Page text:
Experts Say When Student Loan Payments Resume, Default Rates Will Explode!
We know for certain that there is NO mention of student loan forgiveness in Biden’s proposed 2022 budget. The Hill and several other media outlets have reported that the Biden administration has told loan servicers not to send out notices about payments in March 2022. This latest delay is only three months, which could easily be interpreted as the administration has no solid plan for restarting payments and needs to finalize a plan to restart August 31, 2022.
The Trump administration paused student loan payments in March 2020. That pause has been extended six times and is set to end on August 31, 2022. With the two-year pause ending, researchers at the Federal Reserve Bank of New York released a report in March 2022 predicting that borrowers are likely to struggle financially once forbearance ends, resulting in “a meaningful rise in delinquencies, both for student loans and other debt.“ Other research suggests as many as 7.8-million borrowers — nearly three in 10 — are at “high risk” of missing payments once the federal government lifts its repayment moratorium.
Mary Lyn Hammer, Champion Col•EDGE Solutions CEO, said, “I believe the estimates for missing payments are too low. Since the beginning of the pause, I have predicted that we will see an explosion of defaults and delinquencies that will devastate American families.”
The difficulties in restarting a system with $1.75 trillion in debt that has been dormant for over two years are difficult to anticipate. As of April 2022:
- Borrowers can’t budget because they have no guidance on how much payments will be and when they are due.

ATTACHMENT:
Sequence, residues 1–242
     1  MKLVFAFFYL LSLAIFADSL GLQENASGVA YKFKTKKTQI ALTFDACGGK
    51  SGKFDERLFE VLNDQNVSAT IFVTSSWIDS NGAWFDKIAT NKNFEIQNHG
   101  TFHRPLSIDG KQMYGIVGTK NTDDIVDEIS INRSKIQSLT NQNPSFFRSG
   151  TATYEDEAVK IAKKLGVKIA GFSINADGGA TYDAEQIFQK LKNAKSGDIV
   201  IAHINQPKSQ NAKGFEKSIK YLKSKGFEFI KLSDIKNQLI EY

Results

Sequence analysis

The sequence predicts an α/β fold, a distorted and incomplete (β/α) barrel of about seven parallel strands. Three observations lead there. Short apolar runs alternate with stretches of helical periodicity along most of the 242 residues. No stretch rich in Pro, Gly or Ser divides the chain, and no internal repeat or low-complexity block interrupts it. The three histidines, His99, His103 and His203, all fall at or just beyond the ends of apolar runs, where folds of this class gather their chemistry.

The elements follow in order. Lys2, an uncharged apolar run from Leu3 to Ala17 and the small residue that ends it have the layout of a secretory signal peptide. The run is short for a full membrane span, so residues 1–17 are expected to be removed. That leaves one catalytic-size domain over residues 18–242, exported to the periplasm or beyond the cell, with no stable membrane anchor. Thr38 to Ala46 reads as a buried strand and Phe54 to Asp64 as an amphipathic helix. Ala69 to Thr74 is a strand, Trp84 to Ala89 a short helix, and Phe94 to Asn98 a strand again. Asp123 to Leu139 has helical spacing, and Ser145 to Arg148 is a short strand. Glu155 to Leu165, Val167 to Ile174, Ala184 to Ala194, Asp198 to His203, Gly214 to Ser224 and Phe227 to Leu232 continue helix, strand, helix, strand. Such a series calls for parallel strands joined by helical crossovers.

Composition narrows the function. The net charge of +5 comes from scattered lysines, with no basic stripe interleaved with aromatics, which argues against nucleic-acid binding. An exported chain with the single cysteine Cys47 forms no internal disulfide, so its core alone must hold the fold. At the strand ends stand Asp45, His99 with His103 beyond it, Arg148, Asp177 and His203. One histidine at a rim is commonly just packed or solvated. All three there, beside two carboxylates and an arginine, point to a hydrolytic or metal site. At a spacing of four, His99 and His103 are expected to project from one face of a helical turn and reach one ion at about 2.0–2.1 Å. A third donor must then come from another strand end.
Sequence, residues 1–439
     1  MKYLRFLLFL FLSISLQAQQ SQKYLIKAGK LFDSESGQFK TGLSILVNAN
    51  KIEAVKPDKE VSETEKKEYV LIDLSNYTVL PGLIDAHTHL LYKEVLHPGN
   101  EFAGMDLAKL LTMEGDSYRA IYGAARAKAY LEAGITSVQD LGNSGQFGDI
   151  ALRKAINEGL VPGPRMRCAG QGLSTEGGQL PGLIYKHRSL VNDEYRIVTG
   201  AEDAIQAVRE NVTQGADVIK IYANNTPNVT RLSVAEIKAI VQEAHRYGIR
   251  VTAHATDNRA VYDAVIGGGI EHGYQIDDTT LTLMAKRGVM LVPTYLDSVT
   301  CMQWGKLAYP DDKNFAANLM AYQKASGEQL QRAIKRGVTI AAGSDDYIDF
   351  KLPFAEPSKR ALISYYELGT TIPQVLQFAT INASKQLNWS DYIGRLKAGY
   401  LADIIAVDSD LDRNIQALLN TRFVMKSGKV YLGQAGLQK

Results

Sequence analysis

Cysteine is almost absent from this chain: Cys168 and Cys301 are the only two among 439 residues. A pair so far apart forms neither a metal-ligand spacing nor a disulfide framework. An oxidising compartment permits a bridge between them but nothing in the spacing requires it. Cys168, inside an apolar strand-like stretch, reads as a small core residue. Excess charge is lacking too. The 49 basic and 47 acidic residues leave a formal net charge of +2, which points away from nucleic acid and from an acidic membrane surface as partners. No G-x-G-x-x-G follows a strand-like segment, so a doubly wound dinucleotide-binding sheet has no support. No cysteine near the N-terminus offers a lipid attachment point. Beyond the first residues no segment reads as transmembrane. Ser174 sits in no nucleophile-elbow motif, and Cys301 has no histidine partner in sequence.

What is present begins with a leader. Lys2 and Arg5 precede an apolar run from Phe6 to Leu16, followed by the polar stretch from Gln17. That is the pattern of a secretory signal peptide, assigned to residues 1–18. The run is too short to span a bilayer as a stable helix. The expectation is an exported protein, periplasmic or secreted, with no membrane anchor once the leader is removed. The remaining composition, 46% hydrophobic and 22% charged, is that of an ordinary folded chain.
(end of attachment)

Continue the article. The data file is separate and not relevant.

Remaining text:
- Borrowers do not know if they will have the same repayment plan or need to make changes.
- Borrowers have no guidance has been given on how delinquent or default statuses will be treated or if accounts will still have those loan statuses once payments resume.
Michele Clymer, Champion Col•EDGE Solutions Student Success Manager, said, “Our phones are busier than ever. Everyone is confused and worried. It is sad to know that many borrowers are contacting us and they can’t make financial decisions beyond the end of April because they do not know what their budget will be.”
The point is that no plan has been published for restarting payments and in Biden’s proposed 2022 budget, ZERO funds are allocated to student loan forgiveness. Sadly, despite no formal announcement, the chances of broad cancelation of student loan debt are dismal when the facts are reviewed.
“The White House only requested more funding — $2.7 billion — to improve customer service for borrowers.” CNBC.
Meanwhile, the borrowers who owe $1.75 trillion in student loans have been left in limbo, not knowing what to do with their budget next month. In our inflation-burdened economy, adding in a payment of hundreds of dollars a month is not a realistic expense.
Managing the uncertainty about student loan repayment is a necessary task that cannot wait until loan repayment resumes. Champion has continued to counsel borrowers during the COVID pause, and we review these five points will help them stay on track and prepare.
- Don’t count on loan forgiveness. It’s all over the news…will the government offer some student loan forgiveness? Since it is not in the proposed 2022 budget, we tell borrowers the best plan is to plan to repay their debt.
- Beware of scams. Student loan debt relief scammers are abundant! We give borrowers this article to read to learn how to spot and avoid scams.
- Understand that changes have happened. Loan servicers have changed, and many people have moved. We help borrowers find their servicer and make sure servicers have the borrowers’ correct address, phone number, and email.
- Do a payment plan review. We check the borrower’s payment plan and help them make changes if their pre-covid payment plan is no longer affordable.
- Make payments now. Yes, even during the COVID pause, making payments is wise because it reduces loan principal. We offer this article so our borrowers can learn more.
Successful schools are preparing their post-COVID default prevention strategy now. If schools wait until delinquencies get out of hand, it may be too late to avoid sanctions or other severe penalties. Because many default management companies ceased operating during the pandemic, you may not be able to find a default prevention provider that can handle your school in time to thwart sanctions or penalties.